Who doesn't love cheese? Well, maybe someone who is allergic to milk, but besides that...what's not to love? I mean it's gooey, soft, creamy, and full of fat. What's not to love? Let's find out, shall we?
According to the International Dairy Foods Association, cheese has been around for 4,000 years. No one really knows who first discovered cheese, however, it is believed to be first transported in the bladder of sheep....ewww! Anyway, I'm glad we are past that part in history. Cheese making has been increasing in production since its beginning. It wasn't until the 1800's that America built it's first factory in Greene County, Wisconsin, by Swiss immigrants. By 1880, 3,923 dairy factories were producing 216 million pounds of cheese. In 1920, the total natural cheese production of 418 million pounds to 2.2 billion pounds in 1970. Production was booming, but the food industry decided there needed to be some adjustments. As a result, processed cheese was created.
Both natural and processed cheese come in a variety of shapes and sizes. Processed cheeses most commonly comes wrapped in plastic in a single slice. It's also found in cans, tubes and boxes. Natural cheeses are found in loaf sizes or in the shape of a wheel, which can be sliced, cubed or grated. Natural cheese is 100% cheese, whereby, processed is 51% or less cheese. The other 49% or more is something else. I wonder what???
Processed cheese begins with natural cheese that is melted down, emulsified and the preservatives and artificial ingredients are added to hold it all together. Lastly, salt is added to the mixture, sometimes twice a much as natural cheese. It is then poured and reformed in the desired cheese product. Processed cheese is produced in a matter of days and is placed on the grocery store shelf for purchase. Natural cheeses are aged depending on sharpness up to three years before it is packaged and shipped to the store for purchase.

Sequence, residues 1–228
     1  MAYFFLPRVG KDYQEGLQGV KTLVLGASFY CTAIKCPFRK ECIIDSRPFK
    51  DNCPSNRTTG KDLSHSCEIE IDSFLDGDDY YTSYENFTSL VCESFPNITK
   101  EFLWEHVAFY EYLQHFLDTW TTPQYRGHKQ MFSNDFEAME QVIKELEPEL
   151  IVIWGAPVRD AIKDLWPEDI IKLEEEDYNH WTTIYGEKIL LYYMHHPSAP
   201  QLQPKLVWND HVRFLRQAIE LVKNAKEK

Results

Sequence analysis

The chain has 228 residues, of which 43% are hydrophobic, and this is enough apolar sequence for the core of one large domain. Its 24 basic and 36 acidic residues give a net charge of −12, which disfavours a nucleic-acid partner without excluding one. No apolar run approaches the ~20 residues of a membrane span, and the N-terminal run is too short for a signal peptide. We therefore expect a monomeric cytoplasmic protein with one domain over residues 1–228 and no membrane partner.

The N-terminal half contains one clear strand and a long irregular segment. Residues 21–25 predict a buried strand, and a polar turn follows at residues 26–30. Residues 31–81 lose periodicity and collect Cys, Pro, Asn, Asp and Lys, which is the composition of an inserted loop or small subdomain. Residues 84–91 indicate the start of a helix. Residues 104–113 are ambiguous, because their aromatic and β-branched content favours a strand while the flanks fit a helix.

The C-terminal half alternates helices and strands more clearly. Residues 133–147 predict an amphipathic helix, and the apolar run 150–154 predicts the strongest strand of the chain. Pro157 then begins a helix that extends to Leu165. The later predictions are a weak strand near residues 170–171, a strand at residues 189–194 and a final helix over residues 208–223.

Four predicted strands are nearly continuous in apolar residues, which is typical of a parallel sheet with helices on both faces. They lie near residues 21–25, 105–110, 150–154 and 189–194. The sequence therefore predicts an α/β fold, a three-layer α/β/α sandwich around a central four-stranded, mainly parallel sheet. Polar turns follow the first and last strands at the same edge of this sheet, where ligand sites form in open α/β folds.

Processed cheeses contain emulsifiers, saturated vegetable oil, extra salt, food colorings, whey and sugar. Scientist have developed processed cheese that will last longer on the shelf, resist separating when cooked, and provide a uniform appearance and physical behavior. What makes processed cheese so appealing? The low cost to consumers. Manufactures have lower distribution costs, a steady supply, and a faster production time compared to natural cheeses. Bottom line, it's cheap food.
In 2002, the FDA warned Kraft's use of labeling on some of their products. Now processed cheeses are labeled cheese PRODUCT or cheese FOOD. Read your labels. Have you seen the You Tube video that floated around about the American cheese slice? It is interesting that the cheese never melts. This is where I could put my personal opinion in, but I'm choosing to bite my tongue, so to speak, and end this post here. Be aware of what you are purchasing for yourself and your families. Be a wise consumer. Stay with natural, whole foods as much as you can. Purchase the best foods you can afford.
Health-bite: purchase natural cheeses